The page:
Nominate Yourself, a Peer, or a State Chapter for a 2012 Award
Every year, AMHCA bestows awards on several individuals and AMHCA state chapters at the Annual Conference in July. Award nominations are due on Friday, May 18.
By Sara K. Sims, Director of Business Development
This is your chance to learn about “meta keywords” and the impact they have on a website with search engines, as well as what we here at TherapySites have learned about meta keyword behavior.
There are several kinds of “meta” tags. A meta tag is part of the website, without necessarily being visible on the page or affecting how the page functions. There are meta keywords, meta descriptions, meta titles, and meta robots, all of which tend to fill a different role in search-engine visibility and have very different standards for usefulness. I will focus here only on meta keywords.
Meta keywords are literally just a list of words that describe the site succinctly for a search engine’s robots. They were created in the early days of the modern Internet as a means of helping the rather primitive search engines of the time identify relevant aspects of a search. Search engines such as Infoseek and AltaVista depended so heavily on meta data to rank sites that people began entering commonly searched words into the meta keywords section of the site as a means of driving user traffic. Meta keywords remained important because the crawler robots—a kind of computer program that examined websites for relevancy—weren’t sophisticated enough to go without them.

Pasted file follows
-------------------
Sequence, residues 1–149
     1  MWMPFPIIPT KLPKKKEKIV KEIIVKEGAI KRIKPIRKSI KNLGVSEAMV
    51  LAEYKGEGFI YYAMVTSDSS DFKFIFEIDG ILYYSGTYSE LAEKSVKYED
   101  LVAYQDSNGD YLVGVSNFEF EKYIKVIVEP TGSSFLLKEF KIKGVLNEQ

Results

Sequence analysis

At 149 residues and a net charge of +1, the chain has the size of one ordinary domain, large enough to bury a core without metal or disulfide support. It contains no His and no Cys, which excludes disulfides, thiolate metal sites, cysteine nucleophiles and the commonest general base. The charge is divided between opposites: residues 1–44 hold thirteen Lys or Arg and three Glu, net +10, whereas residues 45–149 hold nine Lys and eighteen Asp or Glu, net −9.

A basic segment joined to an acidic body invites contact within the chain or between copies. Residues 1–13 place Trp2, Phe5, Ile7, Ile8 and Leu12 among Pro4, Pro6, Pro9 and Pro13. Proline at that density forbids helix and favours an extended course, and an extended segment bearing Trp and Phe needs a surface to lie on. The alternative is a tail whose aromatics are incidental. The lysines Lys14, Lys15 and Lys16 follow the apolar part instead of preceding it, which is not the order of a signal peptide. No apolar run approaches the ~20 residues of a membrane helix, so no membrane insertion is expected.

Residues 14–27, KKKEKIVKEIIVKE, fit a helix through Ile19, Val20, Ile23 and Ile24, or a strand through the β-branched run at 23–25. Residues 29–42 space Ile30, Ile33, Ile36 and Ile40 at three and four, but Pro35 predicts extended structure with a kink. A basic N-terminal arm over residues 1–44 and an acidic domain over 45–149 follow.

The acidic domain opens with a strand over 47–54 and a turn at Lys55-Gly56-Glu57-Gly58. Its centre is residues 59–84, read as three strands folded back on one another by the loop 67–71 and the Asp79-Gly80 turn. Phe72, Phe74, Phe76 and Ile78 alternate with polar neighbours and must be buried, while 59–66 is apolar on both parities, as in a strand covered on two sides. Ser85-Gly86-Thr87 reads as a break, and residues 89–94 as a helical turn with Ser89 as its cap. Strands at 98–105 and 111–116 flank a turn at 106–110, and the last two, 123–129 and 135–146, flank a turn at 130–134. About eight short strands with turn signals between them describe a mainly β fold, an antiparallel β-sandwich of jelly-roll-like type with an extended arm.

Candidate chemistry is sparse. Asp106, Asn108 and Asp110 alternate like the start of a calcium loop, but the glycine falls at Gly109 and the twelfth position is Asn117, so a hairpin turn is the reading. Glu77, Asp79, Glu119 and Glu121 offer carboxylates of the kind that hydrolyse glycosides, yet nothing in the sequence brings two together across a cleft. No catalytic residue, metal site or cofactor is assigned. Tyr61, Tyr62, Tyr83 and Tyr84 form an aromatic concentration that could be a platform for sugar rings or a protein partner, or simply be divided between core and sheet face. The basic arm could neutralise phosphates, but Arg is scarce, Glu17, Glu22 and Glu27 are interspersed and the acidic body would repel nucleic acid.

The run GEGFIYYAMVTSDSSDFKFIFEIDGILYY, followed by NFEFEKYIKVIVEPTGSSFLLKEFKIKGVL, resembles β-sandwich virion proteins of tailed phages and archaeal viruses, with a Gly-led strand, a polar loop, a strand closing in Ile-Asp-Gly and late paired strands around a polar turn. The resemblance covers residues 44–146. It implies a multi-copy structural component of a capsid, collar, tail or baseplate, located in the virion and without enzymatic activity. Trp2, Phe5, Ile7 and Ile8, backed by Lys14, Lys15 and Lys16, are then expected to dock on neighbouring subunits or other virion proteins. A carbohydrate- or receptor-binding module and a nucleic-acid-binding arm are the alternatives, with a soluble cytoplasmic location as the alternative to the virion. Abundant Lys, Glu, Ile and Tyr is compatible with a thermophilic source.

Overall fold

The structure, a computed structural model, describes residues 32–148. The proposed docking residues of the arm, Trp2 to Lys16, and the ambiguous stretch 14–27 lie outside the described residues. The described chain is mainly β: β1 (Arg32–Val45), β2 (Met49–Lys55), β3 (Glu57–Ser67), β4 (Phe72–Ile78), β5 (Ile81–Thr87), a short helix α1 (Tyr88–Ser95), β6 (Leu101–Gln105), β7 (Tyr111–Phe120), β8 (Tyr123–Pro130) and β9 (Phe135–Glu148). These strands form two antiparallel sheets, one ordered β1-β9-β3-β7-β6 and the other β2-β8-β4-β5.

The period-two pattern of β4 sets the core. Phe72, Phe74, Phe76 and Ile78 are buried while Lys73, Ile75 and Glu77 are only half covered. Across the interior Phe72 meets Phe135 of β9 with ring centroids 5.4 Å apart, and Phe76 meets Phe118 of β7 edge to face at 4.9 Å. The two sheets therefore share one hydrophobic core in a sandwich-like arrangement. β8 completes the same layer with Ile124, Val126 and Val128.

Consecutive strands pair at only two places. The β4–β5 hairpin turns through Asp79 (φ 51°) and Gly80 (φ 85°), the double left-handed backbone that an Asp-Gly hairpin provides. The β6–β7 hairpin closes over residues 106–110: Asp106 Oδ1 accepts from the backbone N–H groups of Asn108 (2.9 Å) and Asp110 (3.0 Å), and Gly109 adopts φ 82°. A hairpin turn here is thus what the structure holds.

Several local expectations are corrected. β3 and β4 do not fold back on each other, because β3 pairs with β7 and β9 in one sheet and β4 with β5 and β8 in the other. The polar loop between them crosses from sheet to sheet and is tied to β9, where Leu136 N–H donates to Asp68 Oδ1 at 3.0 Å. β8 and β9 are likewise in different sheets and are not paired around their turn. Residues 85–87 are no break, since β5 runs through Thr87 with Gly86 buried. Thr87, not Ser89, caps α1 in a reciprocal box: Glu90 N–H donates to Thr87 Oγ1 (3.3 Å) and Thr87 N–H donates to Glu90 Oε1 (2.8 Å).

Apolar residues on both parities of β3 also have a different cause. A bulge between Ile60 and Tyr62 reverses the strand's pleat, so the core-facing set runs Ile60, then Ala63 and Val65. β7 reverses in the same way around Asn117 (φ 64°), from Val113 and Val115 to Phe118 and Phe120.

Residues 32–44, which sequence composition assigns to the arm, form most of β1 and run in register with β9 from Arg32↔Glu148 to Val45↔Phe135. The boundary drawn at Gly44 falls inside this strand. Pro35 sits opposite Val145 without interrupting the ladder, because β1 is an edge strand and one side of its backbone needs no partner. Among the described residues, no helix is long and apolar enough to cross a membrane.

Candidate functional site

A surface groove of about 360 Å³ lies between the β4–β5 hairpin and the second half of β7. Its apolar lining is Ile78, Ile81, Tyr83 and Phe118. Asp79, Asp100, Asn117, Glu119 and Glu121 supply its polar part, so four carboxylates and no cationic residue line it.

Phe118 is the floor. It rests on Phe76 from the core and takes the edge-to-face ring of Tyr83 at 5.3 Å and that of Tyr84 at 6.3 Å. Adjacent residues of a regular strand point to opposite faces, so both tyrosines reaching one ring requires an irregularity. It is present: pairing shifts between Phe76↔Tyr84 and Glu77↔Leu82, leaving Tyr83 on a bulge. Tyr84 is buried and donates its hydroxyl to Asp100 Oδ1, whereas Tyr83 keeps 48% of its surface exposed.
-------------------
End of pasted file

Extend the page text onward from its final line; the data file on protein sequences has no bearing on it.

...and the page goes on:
All of that changed with Google. Google introduced crawlers that were complicated and “smart” enough to ignore meta-data and still get everything they needed to produce a complete sense of a website’s relevancy to a search. By 2002, Google’s success at producing search results that didn’t contain the level of spam previously found had earned them a large market share and forced everyone else to respond. With the end of AltaVista’s use of meta keywords in generating search results, the death of the meta tag was declared. While the declaration of the death of all meta tags was a tad hasty, it really was the death of the meta keyword.